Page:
Have You Heard From Johannesburg - Seven Stories of the GLOBAL anti-apartheid movement

Damu Smith
Damu Smith

Washington Office on Africa; Artists for a Free South Africa

Damu Smith grew up in the tough Carr Square Village housing project of St. Louis and he idolized his father one of the city's few black firefighters. As a high school student, Smith attended a Jesuit-run, after-school program for “disadvantaged male youth”.

Danisa Baloyi
Danisa Baloyi

Coalition For A Free South Africa

During the 1980's Dr. Baloyi was a student at Columbia University, and became involved in the divestment movement against South Africa. In 1985 a series of protests culminated in a student takeover of Hamilton Hall. Ultimately student pressure helped push Columbia University to divest it's holdings from companies doing business in South Africa...

Danny Glover
Danny Glover

TransAfrica

While attending San Francisco State University, Glover was a member of the Black Students Union which, along with the Third World Liberation Front and the American Federation of Teachers, collaborated in a five-month student-led strike to establish a Department of Black Studies. It helped create not only the first Department of Black Studies but also the first School of Ethnic Studies in the U.S. 

David De Beer
David De Beer

KAIROS

Through KAIROS, a Dutch church organization set up as an international solidarity group connected to Dr. Beyers Naudé’s South African Christian Institute, De Beer became involved in the helping the Dutch become more aware of the real situation for blacks in South Africa.

David Haslam
David Haslam

End Loans to South Africa; World Council of Churches.

Methodist minister Rev. David Haslam was inspired to tackle injustice in the world after attending a World Council of Churches conference in Sweden 1968 which included speakers such as American writer and civil rights activist James Baldwin; he then attended the WCC’s Notting Hill Consultation in 1969, which generated the Programme to Combat Racism.

David Kenvyn
David Kenvyn

British Anti-Apartheid Movement

David Kenvyn first encountered apartheid at around age 7 when he attended a sermon about South Africa by Father Trevor Huddleston, fresh from his tenure as parish priest in the township of Sophiatown.

Dennis Brutus
Dennis Brutus

South African Non-Racial Olympic Committee

Dennis Brutus was born in Salisbury, Rhodesia (present day Zimbabwe) in 1924.  His parents moved to Port Elizabeth, South Africa where he grew up. He graduated from the University of Fort Hare with distinction in English.  His studies in law at the University of Witwatersrand were cut short by his imprisonment in 1960 for breaking the terms of his banning...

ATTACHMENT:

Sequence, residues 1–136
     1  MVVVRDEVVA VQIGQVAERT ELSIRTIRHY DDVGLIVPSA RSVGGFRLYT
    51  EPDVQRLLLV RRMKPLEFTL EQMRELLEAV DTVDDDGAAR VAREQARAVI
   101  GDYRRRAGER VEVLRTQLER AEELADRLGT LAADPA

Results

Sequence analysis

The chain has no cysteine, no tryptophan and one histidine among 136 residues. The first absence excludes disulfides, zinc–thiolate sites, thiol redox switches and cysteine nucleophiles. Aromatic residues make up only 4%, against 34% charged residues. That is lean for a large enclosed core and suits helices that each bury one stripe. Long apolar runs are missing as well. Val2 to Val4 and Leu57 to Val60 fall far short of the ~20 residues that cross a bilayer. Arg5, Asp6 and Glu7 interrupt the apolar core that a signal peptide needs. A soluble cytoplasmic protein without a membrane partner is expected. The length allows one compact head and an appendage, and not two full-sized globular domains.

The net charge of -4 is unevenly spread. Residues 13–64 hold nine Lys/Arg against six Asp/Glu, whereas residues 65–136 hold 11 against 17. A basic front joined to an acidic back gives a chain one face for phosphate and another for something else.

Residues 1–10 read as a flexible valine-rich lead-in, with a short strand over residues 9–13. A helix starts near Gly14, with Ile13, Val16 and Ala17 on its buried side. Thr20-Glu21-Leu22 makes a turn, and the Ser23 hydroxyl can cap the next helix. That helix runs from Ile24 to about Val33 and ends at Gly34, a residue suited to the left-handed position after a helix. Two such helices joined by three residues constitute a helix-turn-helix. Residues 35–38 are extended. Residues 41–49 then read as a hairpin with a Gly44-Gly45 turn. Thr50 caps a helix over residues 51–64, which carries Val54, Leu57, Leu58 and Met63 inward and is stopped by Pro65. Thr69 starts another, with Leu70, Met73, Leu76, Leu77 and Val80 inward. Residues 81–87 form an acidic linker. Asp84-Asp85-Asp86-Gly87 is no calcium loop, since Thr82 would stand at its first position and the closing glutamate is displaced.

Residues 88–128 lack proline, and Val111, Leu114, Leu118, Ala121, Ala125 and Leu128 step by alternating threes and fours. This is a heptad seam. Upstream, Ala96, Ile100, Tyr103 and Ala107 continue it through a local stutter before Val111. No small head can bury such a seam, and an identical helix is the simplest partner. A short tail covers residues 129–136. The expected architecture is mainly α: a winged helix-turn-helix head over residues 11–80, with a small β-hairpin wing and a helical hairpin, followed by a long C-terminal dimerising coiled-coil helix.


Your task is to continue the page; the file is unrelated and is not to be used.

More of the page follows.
Desmond Tutu
Desmond Tutu

South African Council of Churches

Archbishop Desmond Tutu was born in Klerksdorp on 7 October 1931. As a youngster he attended mission schools in Klerksdorp. In 1954 Tutu completed a teaching diploma from the Pretoria Bantu Normal College and later a Bachelor of Arts degree from the University of South Africa (UNISA). After three years in the teaching profession Tutu quit in protest against the deteriorating standard of Black education. This was due to the implementation of the Bantu Education Act of 1953, which reduced Black education to second rate...

Diana Collins
Diana Collins

International Defence and Aid Fund for Southern Africa

She was born Diana Clavering Elliot at Stutton Hall, Suffolk, the home of her grandparents, on August 13, 1917. Her father was at that time serving with the Suffolk Regiment in France. Dame Diana Collins was the widow of Canon John Collins, the controversial Canon of St Paul's Cathedral with an international reputation for his leadership of the Campaign for Nuclear Disarmament and the British campaign against apartheid in South Africa...

Donna Katzin
Donna Katzin

Interfaith Center on Corporate Responsibility

From 1986 until July of 1994 Katzin served as Director of South Africa and International Justice Programs for the Interfaith Center on Corporate Responsibility (ICCR). In that capacity she worked with religious bodies, institutional investors and community organizations to exert economic pressure to end apartheid and promote responsible reinvestment after apartheid.